BSP unfazed by likely exit of two MB members

BSP unfazed by likely exit of two MB members

BSP unfazed by likely exit of two MB members

Bangko Sentral ng Pilipinas. (File photo / Philippine Daily Inquirer)

MANILA, Philippines — The Bangko Sentral ng Pilipinas (BSP) said the Monetary Board (MB) can still perform most of its functions even as the “unprecedented” scandal involving “ghost employees” fuels speculations of a shakeup at a crucial time for the economy.

In a statement, the BSP said the seven-member MB, the highest policymaking body of the central bank, can decide on all major actions as long as there is concurrence of at least four members.


Normal operations

Five MB members have to concur when granting emergency loans in times of financial panic that can threaten financial stability.


“The Monetary Board has functioned as normal,” the BSP said “in response to speculation that vacancies may occur that would affect the board’s operations.”

Sources said the BSP wants to recover a “significant” amount of salaries and bonuses paid to the ghost employees, as well as give the MB members tied to the controversy an “orderly exit.”

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Various reports link MB members Bruce Tolentino and Anita Linda Aquino, both appointees of former President Rodrigo Duterte, to the controversy.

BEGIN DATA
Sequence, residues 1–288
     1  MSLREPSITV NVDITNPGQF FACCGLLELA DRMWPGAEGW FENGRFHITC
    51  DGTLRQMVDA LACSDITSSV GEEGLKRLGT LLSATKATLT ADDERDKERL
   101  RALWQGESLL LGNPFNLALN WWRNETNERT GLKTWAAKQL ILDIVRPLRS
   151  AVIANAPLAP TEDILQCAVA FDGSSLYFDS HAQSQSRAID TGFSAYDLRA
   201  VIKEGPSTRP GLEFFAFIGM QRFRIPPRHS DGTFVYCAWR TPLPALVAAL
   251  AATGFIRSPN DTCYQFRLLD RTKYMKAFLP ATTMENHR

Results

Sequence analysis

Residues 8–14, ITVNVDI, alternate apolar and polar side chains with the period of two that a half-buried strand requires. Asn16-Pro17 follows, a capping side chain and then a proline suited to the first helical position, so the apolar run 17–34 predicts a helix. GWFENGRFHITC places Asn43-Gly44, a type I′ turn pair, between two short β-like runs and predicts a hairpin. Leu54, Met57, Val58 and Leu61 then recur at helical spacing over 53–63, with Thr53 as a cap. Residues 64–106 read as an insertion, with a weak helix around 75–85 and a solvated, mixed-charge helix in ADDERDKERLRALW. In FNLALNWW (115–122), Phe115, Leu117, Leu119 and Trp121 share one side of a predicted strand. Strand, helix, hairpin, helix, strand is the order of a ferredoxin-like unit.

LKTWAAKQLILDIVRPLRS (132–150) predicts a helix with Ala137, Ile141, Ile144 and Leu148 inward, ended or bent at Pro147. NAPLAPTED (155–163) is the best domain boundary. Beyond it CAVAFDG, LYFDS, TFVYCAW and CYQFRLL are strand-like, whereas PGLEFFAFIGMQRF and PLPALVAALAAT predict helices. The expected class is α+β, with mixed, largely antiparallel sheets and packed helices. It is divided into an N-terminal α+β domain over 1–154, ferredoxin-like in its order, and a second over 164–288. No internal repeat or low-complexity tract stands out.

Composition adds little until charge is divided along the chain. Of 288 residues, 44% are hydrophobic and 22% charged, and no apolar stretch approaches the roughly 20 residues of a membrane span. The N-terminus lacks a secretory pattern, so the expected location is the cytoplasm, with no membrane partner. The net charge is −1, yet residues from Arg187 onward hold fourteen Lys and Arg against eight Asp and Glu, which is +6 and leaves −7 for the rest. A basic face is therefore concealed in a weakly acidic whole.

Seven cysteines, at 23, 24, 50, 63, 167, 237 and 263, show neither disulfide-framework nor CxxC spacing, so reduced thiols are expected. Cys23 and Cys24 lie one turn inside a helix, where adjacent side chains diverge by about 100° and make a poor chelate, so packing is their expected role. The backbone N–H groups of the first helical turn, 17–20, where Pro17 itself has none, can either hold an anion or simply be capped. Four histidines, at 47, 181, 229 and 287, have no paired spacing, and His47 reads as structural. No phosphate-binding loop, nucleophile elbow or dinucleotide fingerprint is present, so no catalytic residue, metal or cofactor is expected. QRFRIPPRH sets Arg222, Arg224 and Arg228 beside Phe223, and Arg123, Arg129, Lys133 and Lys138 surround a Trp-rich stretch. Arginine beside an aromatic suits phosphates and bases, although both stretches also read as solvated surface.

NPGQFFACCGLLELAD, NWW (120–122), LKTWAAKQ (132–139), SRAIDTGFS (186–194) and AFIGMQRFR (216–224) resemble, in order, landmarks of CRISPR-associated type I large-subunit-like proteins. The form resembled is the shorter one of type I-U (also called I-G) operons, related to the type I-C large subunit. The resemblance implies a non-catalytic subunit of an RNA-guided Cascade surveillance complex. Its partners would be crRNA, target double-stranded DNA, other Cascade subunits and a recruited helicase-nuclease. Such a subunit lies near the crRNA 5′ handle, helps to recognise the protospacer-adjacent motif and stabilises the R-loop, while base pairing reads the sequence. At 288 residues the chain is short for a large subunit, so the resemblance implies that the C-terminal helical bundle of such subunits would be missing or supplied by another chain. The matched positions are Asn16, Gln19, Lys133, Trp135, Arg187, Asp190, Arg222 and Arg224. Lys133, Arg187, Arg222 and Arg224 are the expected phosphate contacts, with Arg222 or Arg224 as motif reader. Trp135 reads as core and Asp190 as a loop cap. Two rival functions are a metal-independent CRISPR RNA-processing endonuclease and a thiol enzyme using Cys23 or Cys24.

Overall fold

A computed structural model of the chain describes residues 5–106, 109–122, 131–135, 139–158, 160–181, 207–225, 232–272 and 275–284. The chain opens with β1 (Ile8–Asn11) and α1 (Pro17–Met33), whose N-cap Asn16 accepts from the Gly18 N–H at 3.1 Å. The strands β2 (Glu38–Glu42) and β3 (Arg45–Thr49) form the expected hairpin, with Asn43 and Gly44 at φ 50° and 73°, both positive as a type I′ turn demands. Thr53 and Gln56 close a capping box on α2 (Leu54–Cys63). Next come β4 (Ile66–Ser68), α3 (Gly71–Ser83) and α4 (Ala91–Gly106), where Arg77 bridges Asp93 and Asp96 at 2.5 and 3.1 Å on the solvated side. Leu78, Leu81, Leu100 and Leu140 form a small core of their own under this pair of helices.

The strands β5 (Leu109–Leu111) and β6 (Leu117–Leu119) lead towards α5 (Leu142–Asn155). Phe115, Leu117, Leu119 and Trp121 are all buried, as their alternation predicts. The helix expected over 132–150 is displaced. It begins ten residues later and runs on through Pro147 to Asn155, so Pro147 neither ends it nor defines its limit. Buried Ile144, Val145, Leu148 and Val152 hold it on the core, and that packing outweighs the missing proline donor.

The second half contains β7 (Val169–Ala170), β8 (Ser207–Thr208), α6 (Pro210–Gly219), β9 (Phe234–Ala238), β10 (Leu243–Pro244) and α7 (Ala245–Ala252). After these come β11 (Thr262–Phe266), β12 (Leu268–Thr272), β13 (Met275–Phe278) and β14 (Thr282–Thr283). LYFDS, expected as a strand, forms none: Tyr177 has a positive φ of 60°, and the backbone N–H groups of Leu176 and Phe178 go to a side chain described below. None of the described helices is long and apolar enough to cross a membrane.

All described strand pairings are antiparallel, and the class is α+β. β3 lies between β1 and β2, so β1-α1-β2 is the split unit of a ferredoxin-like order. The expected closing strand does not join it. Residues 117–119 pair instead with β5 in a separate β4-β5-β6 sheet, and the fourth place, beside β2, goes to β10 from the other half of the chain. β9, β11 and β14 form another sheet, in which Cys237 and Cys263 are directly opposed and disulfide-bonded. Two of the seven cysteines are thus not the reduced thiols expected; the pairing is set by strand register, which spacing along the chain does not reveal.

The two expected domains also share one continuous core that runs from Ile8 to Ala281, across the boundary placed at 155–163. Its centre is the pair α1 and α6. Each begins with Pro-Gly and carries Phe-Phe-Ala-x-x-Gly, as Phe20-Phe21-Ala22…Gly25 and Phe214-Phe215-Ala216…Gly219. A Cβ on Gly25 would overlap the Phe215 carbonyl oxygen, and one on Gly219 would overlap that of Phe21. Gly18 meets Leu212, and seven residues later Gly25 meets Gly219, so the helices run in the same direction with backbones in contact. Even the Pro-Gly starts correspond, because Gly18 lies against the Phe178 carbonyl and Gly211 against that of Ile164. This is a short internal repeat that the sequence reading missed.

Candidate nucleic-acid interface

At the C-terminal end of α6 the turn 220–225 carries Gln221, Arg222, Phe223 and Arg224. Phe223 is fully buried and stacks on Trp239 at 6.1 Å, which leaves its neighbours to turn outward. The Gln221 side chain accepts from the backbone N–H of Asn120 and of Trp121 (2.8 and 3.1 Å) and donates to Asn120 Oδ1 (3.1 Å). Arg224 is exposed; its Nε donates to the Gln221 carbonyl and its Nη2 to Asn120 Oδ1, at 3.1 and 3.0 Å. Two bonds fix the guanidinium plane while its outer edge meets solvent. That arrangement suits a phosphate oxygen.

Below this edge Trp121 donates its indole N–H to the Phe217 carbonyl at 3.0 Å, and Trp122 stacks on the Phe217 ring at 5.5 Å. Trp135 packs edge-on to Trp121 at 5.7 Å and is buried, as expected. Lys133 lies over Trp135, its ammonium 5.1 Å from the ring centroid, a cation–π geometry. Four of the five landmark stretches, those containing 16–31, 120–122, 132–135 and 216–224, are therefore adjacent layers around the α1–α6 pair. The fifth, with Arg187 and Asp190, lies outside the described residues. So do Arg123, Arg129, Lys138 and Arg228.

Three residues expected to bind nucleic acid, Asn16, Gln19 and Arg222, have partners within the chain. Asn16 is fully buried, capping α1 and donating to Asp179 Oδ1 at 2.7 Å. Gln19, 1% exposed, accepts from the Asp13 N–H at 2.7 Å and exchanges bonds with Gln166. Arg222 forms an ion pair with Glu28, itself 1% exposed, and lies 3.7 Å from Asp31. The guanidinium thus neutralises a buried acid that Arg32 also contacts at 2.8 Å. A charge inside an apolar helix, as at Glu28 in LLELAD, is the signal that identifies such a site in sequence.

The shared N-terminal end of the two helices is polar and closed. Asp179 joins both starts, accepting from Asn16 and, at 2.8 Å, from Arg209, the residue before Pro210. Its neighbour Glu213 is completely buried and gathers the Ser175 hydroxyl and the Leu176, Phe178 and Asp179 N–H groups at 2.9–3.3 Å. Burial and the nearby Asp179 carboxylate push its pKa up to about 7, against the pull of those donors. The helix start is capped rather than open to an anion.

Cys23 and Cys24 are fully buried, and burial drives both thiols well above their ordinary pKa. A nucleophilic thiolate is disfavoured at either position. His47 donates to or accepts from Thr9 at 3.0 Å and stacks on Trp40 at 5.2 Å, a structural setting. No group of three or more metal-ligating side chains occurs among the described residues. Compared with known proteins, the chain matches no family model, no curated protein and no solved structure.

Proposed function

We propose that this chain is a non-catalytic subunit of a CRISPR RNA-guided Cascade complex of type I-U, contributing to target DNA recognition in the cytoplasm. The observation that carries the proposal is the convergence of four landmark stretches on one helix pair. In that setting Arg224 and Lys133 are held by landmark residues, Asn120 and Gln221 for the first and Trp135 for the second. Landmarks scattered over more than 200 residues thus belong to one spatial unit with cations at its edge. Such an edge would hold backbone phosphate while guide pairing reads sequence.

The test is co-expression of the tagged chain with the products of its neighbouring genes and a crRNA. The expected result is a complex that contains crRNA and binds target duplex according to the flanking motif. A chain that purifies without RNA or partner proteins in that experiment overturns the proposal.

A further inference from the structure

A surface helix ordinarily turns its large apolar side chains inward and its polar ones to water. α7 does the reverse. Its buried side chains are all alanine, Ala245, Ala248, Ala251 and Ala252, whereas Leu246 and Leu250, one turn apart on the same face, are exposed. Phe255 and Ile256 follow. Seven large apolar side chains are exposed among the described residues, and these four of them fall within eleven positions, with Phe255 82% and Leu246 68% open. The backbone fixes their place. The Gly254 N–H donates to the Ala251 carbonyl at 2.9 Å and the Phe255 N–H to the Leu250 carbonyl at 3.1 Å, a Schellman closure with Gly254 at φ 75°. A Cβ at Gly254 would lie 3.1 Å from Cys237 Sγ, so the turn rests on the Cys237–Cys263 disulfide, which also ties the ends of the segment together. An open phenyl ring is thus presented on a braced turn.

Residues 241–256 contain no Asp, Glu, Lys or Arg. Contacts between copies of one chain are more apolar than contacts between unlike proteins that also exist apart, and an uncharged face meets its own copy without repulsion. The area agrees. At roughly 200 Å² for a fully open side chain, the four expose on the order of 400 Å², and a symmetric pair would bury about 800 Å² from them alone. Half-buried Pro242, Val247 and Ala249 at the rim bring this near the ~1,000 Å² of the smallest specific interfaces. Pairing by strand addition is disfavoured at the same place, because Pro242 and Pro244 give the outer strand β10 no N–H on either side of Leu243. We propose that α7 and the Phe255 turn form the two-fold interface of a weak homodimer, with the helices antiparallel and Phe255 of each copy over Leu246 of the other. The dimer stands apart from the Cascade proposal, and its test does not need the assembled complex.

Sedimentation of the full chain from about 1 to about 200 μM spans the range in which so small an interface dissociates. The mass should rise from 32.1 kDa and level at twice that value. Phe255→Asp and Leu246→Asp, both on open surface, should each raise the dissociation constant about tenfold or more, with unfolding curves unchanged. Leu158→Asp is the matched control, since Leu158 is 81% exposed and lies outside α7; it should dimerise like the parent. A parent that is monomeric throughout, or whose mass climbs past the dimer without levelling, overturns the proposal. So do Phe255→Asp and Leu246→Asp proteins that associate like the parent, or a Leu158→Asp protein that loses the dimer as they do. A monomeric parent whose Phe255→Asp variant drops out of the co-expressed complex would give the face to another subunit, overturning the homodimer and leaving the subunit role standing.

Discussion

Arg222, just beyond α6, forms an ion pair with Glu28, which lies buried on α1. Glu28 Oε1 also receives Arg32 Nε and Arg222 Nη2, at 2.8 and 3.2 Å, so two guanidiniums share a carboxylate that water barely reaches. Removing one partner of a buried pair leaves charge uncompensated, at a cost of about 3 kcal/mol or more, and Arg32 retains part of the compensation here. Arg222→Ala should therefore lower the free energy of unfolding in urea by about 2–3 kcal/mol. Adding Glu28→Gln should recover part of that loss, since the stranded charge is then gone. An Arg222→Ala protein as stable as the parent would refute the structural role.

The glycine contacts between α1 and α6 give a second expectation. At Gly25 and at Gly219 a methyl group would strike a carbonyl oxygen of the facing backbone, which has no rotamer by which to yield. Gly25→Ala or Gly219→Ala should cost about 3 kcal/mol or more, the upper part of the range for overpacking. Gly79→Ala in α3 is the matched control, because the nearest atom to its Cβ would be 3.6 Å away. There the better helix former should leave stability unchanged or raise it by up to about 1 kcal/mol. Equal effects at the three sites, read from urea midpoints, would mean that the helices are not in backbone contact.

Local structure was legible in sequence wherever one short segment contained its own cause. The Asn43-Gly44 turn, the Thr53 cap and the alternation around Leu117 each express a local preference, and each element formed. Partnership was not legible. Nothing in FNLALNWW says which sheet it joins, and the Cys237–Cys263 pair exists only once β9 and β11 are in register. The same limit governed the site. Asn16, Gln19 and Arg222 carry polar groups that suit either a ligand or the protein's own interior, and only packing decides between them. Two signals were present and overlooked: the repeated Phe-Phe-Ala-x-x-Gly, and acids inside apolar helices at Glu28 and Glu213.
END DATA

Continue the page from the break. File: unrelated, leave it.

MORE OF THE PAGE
In October 2023, the BSP said the Office of the General Counsel triggered an investigation after receiving “credible” information that several staff members in the offices of two MB members had not been reporting for work for extended periods of time but were nonetheless receiving their salaries.

The investigating team later identified four employees and their two immediate supervisors. From late February to early March, four of the employees and one direct supervisor implicated in the probe tendered their resignation. Administrative disciplinary cases were filed in March before the effectivity of their separation.


‘Highly politicized system

The scandal could potentially trigger a major revamp in the MB at a time when the BSP is battling stubbornly high inflation and tackling a volatile peso. Markets are watching how the BSP will come out of this crisis that has brought serious reputational risks to an institution revered for professionalism.

Robert Dan Roces, an economist at Security Bank, said the central bank’s “proactive” approach to addressing the issue suggests that the scandal’s impact on financial markets “may be managed and short-lived if any at all.”

“As the BSP continues to handle the situation transparently and decisively, it can help maintain confidence and minimize any lasting consequences,” Roces said.

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But Leonardo Lanzona, an economist at Ateneo De Manila University, said the controversy showed how the BSP was not spared from political risks.

“Markets cannot accept an institution that is as professional as the BSP to be infiltrated by these corrupt employees. First, it shows that institutional reforms have not developed strong enough to get rid of these practices,” he said.

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“Second, the presence of these employees shows a highly politicized system. This could frighten away investors who place their trust in a fair and detached monetary system,” he added.

TAGS: 'ghost employees', BSP, Business

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